PM Group’s senior engineers Pat Swords and Margaret Doran presented a poster and associated technical paper at the Institution of Chemical Engineers ‘Hazards 26’ conference in Edinburgh, which took place last month. The subject matter, ‘CE Marking; ATEX, Machinery Directive, etc – How to Get it Right’, arose out of a recognition that in the process industry sector in general, there was a failure to identify where the EU’s CE marking compliance requirements arose and to develop a practical strategy to implement the legally required ‘essential health and safety requirements’.
The full 12-page technical paper is available on the PM Group’s website, so it is not intended to replicate the content here, but instead introduce the subject matter and its relevance.
For starters, what is CE marking and how is it relevant to implementing an engineering project? The EU’s ‘New Approach’ to standardisation, associated conformity assessment and CE marking now runs to some 28 directives and five regulations. These ‘New Approach’ directives define essential requirements related to health, safety and environmental issues.
Products must meet these requirements in order to be placed on the European market. As such, then, the traditional process plant now has additional compliance requirements, primarily associated with the Machinery Directive, the Pressure Equipment Directive and the ATEX (Explosive Atmospheres) ‘equipment’ Directive.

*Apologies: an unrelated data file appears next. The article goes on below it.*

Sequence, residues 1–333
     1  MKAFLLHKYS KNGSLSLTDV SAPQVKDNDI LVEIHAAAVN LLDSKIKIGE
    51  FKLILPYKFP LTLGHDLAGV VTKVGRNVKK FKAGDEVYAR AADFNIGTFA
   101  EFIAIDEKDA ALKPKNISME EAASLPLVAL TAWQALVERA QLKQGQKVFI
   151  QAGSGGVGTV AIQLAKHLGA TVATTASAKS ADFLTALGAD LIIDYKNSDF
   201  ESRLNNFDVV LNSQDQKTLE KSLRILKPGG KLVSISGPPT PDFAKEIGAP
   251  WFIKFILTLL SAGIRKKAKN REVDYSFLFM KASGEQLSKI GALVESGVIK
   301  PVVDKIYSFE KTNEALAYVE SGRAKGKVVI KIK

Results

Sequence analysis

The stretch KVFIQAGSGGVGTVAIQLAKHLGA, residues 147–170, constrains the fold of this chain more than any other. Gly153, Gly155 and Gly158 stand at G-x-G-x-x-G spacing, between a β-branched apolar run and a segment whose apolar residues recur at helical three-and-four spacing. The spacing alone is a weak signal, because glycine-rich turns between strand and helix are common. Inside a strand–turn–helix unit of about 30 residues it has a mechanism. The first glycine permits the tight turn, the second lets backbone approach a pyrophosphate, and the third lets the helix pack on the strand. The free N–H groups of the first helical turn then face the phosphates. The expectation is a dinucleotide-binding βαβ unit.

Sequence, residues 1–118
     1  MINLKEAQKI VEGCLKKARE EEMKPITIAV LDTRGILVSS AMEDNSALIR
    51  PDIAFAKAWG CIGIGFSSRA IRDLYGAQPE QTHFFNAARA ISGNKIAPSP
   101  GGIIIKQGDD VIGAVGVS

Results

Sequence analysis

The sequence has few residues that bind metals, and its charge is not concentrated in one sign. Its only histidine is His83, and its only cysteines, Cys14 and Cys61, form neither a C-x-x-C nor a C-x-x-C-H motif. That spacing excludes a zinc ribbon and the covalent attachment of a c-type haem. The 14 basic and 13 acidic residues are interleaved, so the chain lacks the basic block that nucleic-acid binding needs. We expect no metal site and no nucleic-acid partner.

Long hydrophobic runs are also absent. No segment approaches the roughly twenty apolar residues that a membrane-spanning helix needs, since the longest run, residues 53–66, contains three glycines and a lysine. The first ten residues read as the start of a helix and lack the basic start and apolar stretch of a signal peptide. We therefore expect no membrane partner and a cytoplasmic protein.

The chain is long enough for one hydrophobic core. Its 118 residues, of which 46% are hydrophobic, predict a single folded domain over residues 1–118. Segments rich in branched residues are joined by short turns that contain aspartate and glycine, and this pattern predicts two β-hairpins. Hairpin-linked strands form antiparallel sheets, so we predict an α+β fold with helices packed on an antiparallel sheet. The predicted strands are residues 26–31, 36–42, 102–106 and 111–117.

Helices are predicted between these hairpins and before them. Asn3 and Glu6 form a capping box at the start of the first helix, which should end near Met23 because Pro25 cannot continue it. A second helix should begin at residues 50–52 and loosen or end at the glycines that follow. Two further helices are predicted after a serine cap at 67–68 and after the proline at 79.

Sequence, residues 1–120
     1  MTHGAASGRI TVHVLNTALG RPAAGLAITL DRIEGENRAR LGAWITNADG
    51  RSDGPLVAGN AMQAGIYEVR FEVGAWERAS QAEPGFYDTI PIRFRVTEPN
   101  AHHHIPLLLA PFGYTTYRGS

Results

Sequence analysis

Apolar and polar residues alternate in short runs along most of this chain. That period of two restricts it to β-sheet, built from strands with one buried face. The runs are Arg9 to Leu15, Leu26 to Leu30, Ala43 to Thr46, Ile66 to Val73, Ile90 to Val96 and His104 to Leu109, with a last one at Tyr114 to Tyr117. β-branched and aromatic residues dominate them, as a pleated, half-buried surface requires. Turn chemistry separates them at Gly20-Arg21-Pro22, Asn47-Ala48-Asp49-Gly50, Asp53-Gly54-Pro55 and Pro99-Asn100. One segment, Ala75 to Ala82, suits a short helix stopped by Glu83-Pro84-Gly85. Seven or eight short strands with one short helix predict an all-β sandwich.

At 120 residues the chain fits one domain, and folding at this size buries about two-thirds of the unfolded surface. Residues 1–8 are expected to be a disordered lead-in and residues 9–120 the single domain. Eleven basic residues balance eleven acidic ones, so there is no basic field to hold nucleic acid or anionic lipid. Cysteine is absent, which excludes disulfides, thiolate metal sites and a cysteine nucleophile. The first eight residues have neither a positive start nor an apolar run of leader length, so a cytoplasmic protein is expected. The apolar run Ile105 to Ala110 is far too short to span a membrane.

These ‘essential health and safety requirements’ are supported by a comprehensive set of international and European standards, which define the state of the art with regard to machinery safety, equipment for potentially explosive atmospheres, etc. In Europe, the manufacturer or its authorised representative is required to undergo a specific conformity procedure and CE mark the equipment. Outside of the European Economic Area, no such CE marking is required, but under the general duty of care, compliance with the same recognised standards and state of the art would be expected.
Indeed, as part of World Trade Organisation (WTO) agreements, there is an increasing harmonisation of technical standards, although the manner in which they are implemented depends on the legal jurisdiction. For instance, in Russia and the associated Eurasian Customs Union, there is a product conformity system, previously called GOST, but now being replaced by the EAC mark, i.e. ‘Eurasian Conformity’: Different marking to our familiar CE, but same technical standards supporting the necessary compliance!
In Germany, if we consider the accident statistics for 2013, there were 78 fatalities and 2,252 new pensions, the latter resulting from circumstances where it was not possible to rehabilitate injuries with respect to a full return to employment. The message is clear: deficiencies in machinery safety, even in a country which would be considered ‘best in class’, are having a significant impact. Therefore, CE compliance is an integral part of PM Group’s general duty of care, as an international engineering design and construction management company.